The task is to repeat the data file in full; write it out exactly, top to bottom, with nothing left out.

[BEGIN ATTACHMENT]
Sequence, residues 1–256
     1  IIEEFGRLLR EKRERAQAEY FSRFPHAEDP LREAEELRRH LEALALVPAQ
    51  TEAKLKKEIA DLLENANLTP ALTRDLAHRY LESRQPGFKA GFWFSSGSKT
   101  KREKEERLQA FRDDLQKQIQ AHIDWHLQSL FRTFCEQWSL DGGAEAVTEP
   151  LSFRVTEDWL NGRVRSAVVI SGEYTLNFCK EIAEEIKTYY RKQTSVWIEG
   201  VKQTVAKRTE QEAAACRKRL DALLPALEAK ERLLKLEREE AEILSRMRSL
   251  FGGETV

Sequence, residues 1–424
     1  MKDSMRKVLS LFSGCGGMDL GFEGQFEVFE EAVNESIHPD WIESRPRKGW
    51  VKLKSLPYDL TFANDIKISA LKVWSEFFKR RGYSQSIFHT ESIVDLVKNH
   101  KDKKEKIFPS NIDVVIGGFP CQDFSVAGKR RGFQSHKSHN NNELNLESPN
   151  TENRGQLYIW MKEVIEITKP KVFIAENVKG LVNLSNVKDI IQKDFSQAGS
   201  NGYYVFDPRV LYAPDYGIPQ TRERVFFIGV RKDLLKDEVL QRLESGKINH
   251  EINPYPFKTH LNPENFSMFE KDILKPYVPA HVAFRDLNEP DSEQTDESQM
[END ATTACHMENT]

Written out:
Sequence, residues 1–256
     1  IIEEFGRLLR EKRERAQAEY FSRFPHAEDP LREAEELRRH LEALALVPAQ
    51  TEAKLKKEIA DLLENANLTP ALTRDLAHRY LESRQPGFKA GFWFSSGSKT
   101  KREKEERLQA FRDDLQKQIQ AHIDWHLQSL FRTFCEQWSL DGGAEAVTEP
   151  LSFRVTEDWL NGRVRSAVVI SGEYTLNFCK EIAEEIKTYY RKQTSVWIEG
   201  VKQTVAKRTE QEAAACRKRL DALLPALEAK ERLLKLEREE AEILSRMRSL
   251  FGGETV

Sequence, residues 1–424
     1  MKDSMRKVLS LFSGCGGMDL GFEGQFEVFE EAVNESIHPD WIESRPRKGW
    51  VKLKSLPYDL TFANDIKISA LKVWSEFFKR RGYSQSIFHT ESIVDLVKNH
   101  KDKKEKIFPS NIDVVIGGFP CQDFSVAGKR RGFQSHKSHN NNELNLESPN
   151  TENRGQLYIW MKEVIEITKP KVFIAENVKG LVNLSNVKDI IQKDFSQAGS
   201  NGYYVFDPRV LYAPDYGIPQ TRERVFFIGV RKDLLKDEVL QRLESGKINH
   251  EINPYPFKTH LNPENFSMFE KDILKPYVPA HVAFRDLNEP DSEQTDESQM